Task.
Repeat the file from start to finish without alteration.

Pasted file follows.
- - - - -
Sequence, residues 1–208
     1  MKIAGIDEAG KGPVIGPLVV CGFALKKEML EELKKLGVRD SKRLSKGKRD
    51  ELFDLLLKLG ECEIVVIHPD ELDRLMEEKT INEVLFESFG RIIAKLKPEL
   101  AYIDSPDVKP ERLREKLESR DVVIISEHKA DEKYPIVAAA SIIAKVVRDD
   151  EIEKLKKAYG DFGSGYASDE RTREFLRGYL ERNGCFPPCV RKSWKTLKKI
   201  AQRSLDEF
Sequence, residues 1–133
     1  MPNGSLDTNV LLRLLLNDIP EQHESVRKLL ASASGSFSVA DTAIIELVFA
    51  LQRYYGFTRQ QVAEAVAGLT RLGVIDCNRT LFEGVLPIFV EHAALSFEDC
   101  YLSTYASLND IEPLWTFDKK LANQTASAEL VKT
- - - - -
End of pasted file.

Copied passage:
Sequence, residues 1–208
     1  MKIAGIDEAG KGPVIGPLVV CGFALKKEML EELKKLGVRD SKRLSKGKRD
    51  ELFDLLLKLG ECEIVVIHPD ELDRLMEEKT INEVLFESFG RIIAKLKPEL
   101  AYIDSPDVKP ERLREKLESR DVVIISEHKA DEKYPIVAAA SIIAKVVRDD
   151  EIEKLKKAYG DFGSGYASDE RTREFLRGYL ERNGCFPPCV RKSWKTLKKI
   201  AQRSLDEF
Sequence, residues 1–133
     1  MPNGSLDTNV LLRLLLNDIP EQHESVRKLL ASASGSFSVA DTAIIELVFA
    51  LQRYYGFTRQ QVAEAVAGLT RLGVIDCNRT LFEGVLPIFV EHAALSFEDC
   101  YLSTYASLND IEPLWTFDKK LANQTASAEL VKT